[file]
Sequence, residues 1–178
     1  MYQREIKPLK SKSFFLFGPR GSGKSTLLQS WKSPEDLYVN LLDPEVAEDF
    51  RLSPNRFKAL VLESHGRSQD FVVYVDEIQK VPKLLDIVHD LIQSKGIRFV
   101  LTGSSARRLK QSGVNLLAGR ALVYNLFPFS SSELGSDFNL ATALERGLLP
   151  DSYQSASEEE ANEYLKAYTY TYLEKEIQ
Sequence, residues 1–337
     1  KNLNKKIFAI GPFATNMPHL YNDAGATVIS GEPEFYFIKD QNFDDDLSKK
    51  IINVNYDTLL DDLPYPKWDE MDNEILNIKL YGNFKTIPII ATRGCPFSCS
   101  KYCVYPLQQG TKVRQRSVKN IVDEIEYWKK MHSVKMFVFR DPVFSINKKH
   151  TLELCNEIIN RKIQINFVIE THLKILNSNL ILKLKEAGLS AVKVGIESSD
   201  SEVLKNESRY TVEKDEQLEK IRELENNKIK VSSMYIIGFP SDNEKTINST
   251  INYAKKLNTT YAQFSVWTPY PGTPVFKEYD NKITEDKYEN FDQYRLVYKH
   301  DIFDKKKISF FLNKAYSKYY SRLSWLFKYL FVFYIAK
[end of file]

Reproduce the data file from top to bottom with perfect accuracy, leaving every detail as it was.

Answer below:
Sequence, residues 1–178
     1  MYQREIKPLK SKSFFLFGPR GSGKSTLLQS WKSPEDLYVN LLDPEVAEDF
    51  RLSPNRFKAL VLESHGRSQD FVVYVDEIQK VPKLLDIVHD LIQSKGIRFV
   101  LTGSSARRLK QSGVNLLAGR ALVYNLFPFS SSELGSDFNL ATALERGLLP
   151  DSYQSASEEE ANEYLKAYTY TYLEKEIQ
Sequence, residues 1–337
     1  KNLNKKIFAI GPFATNMPHL YNDAGATVIS GEPEFYFIKD QNFDDDLSKK
    51  IINVNYDTLL DDLPYPKWDE MDNEILNIKL YGNFKTIPII ATRGCPFSCS
   101  KYCVYPLQQG TKVRQRSVKN IVDEIEYWKK MHSVKMFVFR DPVFSINKKH
   151  TLELCNEIIN RKIQINFVIE THLKILNSNL ILKLKEAGLS AVKVGIESSD
   201  SEVLKNESRY TVEKDEQLEK IRELENNKIK VSSMYIIGFP SDNEKTINST
   251  INYAKKLNTT YAQFSVWTPY PGTPVFKEYD NKITEDKYEN FDQYRLVYKH
   301  DIFDKKKISF FLNKAYSKYY SRLSWLFKYL FVFYIAK